24. Endoparasite BOP 2004

European Association of Zoo- and Wildlife Veterinarians (EAZWV)

5th scientific meeting,  May  19 – 23 – 2004, Ebeltoft. Denmark.

Endoparasite management in captive birds of paradise at al wabra wildlife preservation

J. Schulz, S.B. Jensen and  S. Hammer


Al Wabra Wildlife Preservation, P.O. Box 44069, Doha, State of Qatar; alwabra@qatar.net.qa



Extended abstract

Even though Birds of Paradise (BoP) are well known as spectacular animals, they are only kept in a few facilities worldwide. Therefore, information on diseases – including endoparasites in captive BoP – is scarce. Our facility is currently housing more than 70 BoP of six different species; the animals are kept individually or in pairs in large aviaries in six different houses with soil ground and tropical vegetation, with a small attached concrete-floored feeding cage; successful breeding has been achieved (2). Since 2001, faecal samples of individuals/pairs were examined for parasites with increasing frequency till 2003 a monthly routine screening was established, using a standard flotation technique and microscopic examination. Findings were documented in a semi-quantitative way (0, +, ++, +++, ++++). All examinations were performed by the same investigator.

The percentage of positive samples decreased during the last three years (2001: 59.3%, n=59; 2002: 36.6%, n=290; 2003: 25.7%, n=962). The main findings were capillaria, coccidian, railletina cestodes, and various other nematodes. Among the positive samples, the percentage of coccidian was relatively constant throughout the three years (45.7, 37.7 and 45.7%), whereas that of capillaria was declining (62.9, 50.9, 31.2%) and that of the cestodes was increasing (8.6, 19.8, 26.7%). There were notable differences between the individual bird houses. Less than 20 % of our BoP have never tested positive for parasites so far. Birds with a positive result are treated with fenbendazole or mebendazol, ivermectine, clazuril or praziquantel.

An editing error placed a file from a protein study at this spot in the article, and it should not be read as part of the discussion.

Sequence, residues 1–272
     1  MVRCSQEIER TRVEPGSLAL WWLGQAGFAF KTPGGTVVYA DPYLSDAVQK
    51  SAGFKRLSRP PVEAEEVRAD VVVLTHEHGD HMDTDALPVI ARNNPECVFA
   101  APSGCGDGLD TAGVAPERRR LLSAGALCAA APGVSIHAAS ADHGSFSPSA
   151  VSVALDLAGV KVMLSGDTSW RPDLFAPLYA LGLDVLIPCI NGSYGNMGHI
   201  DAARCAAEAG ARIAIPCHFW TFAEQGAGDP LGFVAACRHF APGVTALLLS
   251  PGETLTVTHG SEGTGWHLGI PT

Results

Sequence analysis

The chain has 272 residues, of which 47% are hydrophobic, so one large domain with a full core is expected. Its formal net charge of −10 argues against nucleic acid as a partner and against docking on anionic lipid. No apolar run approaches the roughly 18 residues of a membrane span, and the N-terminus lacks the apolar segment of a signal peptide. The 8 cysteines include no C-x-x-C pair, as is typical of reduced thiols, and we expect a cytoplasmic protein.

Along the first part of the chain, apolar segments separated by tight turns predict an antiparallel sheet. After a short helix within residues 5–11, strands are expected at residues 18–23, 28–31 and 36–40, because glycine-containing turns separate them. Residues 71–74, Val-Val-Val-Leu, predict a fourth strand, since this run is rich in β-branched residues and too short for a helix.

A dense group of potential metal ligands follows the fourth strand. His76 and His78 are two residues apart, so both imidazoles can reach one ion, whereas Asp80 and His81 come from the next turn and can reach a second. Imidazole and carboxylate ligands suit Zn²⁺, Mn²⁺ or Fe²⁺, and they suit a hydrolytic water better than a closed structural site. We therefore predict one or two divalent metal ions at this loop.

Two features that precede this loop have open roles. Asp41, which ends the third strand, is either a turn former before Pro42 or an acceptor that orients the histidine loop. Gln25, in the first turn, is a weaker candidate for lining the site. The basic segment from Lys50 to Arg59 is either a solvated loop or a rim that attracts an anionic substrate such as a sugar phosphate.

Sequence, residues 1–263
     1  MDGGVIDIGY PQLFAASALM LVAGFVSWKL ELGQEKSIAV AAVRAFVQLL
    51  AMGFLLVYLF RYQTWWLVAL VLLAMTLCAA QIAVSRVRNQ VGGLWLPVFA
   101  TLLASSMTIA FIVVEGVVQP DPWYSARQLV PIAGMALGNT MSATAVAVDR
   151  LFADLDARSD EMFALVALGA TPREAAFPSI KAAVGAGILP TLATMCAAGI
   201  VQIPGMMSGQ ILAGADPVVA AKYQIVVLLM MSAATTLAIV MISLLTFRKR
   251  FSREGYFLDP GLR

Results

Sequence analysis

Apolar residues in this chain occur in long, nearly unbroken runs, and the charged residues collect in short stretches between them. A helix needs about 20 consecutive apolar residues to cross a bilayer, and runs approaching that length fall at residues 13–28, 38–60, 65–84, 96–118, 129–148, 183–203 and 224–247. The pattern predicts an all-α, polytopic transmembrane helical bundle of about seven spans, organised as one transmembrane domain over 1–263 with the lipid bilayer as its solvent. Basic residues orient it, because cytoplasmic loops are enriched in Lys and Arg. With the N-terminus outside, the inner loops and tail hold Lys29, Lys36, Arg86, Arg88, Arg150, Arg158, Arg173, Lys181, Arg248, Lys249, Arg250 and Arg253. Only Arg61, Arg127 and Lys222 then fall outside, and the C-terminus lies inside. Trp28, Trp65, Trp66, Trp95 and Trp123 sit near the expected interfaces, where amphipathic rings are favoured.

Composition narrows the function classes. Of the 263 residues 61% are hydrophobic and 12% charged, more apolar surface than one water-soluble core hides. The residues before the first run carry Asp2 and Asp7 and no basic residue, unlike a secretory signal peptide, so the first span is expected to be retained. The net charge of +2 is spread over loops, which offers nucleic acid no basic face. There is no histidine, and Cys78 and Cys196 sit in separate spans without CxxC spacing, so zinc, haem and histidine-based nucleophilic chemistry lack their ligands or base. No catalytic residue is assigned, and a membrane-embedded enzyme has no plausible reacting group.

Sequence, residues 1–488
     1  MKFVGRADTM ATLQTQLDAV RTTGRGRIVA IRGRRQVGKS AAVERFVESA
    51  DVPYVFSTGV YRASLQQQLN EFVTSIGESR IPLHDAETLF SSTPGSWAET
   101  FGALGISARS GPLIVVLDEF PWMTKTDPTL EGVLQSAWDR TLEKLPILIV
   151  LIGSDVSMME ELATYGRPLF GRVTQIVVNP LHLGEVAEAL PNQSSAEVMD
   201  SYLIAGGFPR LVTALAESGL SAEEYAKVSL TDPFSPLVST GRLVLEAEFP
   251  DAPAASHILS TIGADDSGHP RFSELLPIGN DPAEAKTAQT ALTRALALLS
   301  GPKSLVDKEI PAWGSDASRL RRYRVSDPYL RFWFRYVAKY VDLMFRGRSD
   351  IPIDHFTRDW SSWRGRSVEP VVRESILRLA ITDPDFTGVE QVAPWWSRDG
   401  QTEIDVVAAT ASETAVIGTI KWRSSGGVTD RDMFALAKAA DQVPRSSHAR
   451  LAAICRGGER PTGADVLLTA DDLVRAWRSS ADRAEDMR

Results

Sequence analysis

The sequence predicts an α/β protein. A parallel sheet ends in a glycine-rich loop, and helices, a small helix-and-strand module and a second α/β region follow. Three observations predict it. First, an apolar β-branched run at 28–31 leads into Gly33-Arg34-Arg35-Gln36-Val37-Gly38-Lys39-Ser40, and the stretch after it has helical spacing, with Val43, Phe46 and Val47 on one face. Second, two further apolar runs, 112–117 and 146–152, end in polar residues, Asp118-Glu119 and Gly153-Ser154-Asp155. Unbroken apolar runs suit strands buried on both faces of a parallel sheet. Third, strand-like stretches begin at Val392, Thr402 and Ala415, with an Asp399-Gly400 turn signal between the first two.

In retrospect, it is not possible to decide whether the results indicate real developments in the incidences of parasite infestation in our facility, or whether this shift is due to the fact that in the beginning, only clinically suspicious individuals were tested. This would mean that capillaria infestations result in clinically ill birds and decrease in incidence when clinically healthy specimens included in the survey as well, whereas the opposite would hold true for cestode infestations. Up to now, one major problem in the adjustment of the anti-parasite treatment is the uncertainty whether a positive faecal sample after a period of medication denotes a persistent infestation or a new infestation from the enclosure environment.

Several animal- and diet-related factors make an efficient parasite protection difficult. Like other frugivorous birds (5), BoP have very short gastrointestinal tracts and probably fast short ingesta passage rates. This could make oral medication less effective and necessitate higher dosages than in other bird species. At the same time, overdosing with potentially negative side-effects – such as a fenbendazole toxicity (3) – should be avoided. An enclosure design using natural vegetation and soil ground is regarded necessary for the well-being and particularly the breeding success in BoP (2, 4). While direct contact to faeces might be less probable, such an enclosure design allows the development of parasitic stages in intermediate hosts (earthworms, ants, beetles) which then might be ingested by the birds.



The increasing percentage of tapeworm infestations among positive cases – for tapeworms, an intermediate host is obligatory – could underline this problem. Interestingly, the BoP species most frequently diagnosed with tapeworms – the twelve wire bird (Seleucidis melanoleuca) is reported to have the highest proportion of insect food of all BoPs in its natural environment (1). The impression that the percentage of capillaria infestations has decreased could be an indication that the predominant capillaria species at Al Wabra does not rely on an intermediate host, but this suspicion needs to be corroborated by a species identification of the parasite.

For the near future, such species identifications are planned, as well as controlled treatment trials with different dosages. As a new management procedure, all birds are now kept only in the feeding cages during deworming medication in order to reduce infestation of enclosure soil with parasite eggs, and to allow a reliable control of treatment success.




1.       Beehler BM, Pruett-Jones SG. Display dispersion and diet of birds of paradise, a comparison of nine species. Behavioral Ecology and Sociobiology, 1983; 13: 229-38.

2.       Bruslund Jensen S and Hammer S. Breeding birds of paradise at Al Wabra Wildlife Preservation. International Zoo News, 2003; 5: 276-279.

3.       Papendick R, Stalis I, Harvey C, Rideout B, Zuba J, Allen J and  Sutherland-Smith M. Suspected fenbendazole toxicity in birds. Proc AAZV AAWV Joint Conference, 1998; 144-146.

4.       Searle KC. Breeding Count Raggi’s bird of paradise (Paradisaea raggiana salvadorii) at Hong Kong. International Zoo Year Book, 1980; 20: 210-214.

5.       Stevens CE and Hume ID. Comparative physiology of the vertebrate digestive system. Cambridge: Cambridge Univ Press, 1995.

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